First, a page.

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Current state of OpenTelemetry and how it fits in the DevOps ecosystem | Q&A

· 5 min read
Ankit Anand

OpenTelemetry is an open-source project under the Cloud Native Computing Foundation(CNCF) that aims to standardize the generation and collection of telemetry data. The telemetry data helps developer, DevOps and IT teams to keep a check on their application health.

The telemetry data collected by OpenTelemetry consist of logs, metrics, and traces. Together, they are used for performance monitoring and observability in distributed systems.

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At SigNoz, we are building an OpenTelemetry native APM. We believe in the mission of ubiquitous observability with OpenTelemetry. Managing distributed systems at scale is a pain, and OpenTelemetry aims to solve a lot of pain points for developers and devops folks.

I sat down with Pranay, the CEO and co-founder at SigNoz to discuss the current state of OpenTelemetry and how it fits in the DevOps ecosystem.

Do you think OpenTelemetry is (or will be) important to IT Ops/DevOps, and why?

Pranay: OpenTelemetry is quietly becoming the world standard for instrumenting cloud-native applications. Cloud computing and containerization have benefits like on-demand scaling, but they have also increased the complexity of IT Ops and DevOps manifolds.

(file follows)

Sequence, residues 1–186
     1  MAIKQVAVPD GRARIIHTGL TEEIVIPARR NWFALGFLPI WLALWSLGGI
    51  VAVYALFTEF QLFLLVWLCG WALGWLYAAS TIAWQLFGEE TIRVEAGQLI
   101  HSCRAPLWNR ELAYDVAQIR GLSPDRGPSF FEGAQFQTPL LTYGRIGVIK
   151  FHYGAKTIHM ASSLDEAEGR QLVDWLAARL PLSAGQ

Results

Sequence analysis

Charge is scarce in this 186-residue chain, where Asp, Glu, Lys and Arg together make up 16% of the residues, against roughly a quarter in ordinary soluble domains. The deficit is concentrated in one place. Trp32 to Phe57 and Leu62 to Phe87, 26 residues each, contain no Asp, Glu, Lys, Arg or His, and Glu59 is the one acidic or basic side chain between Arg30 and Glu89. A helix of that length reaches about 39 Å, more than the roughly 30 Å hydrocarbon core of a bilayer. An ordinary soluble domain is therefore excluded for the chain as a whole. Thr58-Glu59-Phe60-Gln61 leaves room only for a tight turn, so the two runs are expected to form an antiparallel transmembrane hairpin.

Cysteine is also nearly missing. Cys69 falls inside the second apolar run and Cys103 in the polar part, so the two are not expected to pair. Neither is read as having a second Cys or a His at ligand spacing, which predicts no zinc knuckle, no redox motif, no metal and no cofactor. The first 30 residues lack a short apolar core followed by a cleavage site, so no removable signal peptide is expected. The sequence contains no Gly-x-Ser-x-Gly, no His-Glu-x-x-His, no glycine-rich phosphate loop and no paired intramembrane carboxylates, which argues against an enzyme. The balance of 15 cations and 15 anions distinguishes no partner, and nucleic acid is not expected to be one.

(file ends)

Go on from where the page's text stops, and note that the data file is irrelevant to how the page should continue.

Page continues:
To understand complex distributed systems, DevOps engineers need to implement a robust observability & monitoring framework. OpenTelemetry provides vendor-neutral open source observability framework for generating and collecting important telemetry signals.

Two important reasons that make OpenTelemetry important to IT Ops are:

  • OpenTelemetry makes your instrumentation future-proof
    OpenTelemetry is an open standard and open source implementation with contributors from companies like AWS, Microsoft, Splunk, etc. It provides instrumentation libraries in almost all major programming languages and covers most of the popular open source frameworks. If tomorrow your team decides to use a new open source library in the tech stack, you can have the peace of mind that Opentelemetry will provide instrumentation for it.

  • It is vendor-neutral and supports different telemetry signals like metrics, traces, logs, events
    Opentelemetry is the instrumentation standard. You can use any backend & storage layer to store telemetry data and frontend to visualize that data. So as long as these components support the OTLP format ( OpenTelemetry’s format), they can process and visualize OTel data

What do you see as the main business benefits OpenTelemetry will ultimately deliver?

Pranay: The main business benefit that we see from using OpenTelemetry is that it is future-proof. Open source has changed the way software is getting developed, and you can expect OpenTelemetry to constantly evolve and get updated as it is driven by a community.

Another business benefit that we see is no vendor lock-in. Users don’t get vendor locked-in as they can change the vendor they use for storing and visualizing data very easily as long as it supports OTel format. It also makes a level playing field for new products to emerge.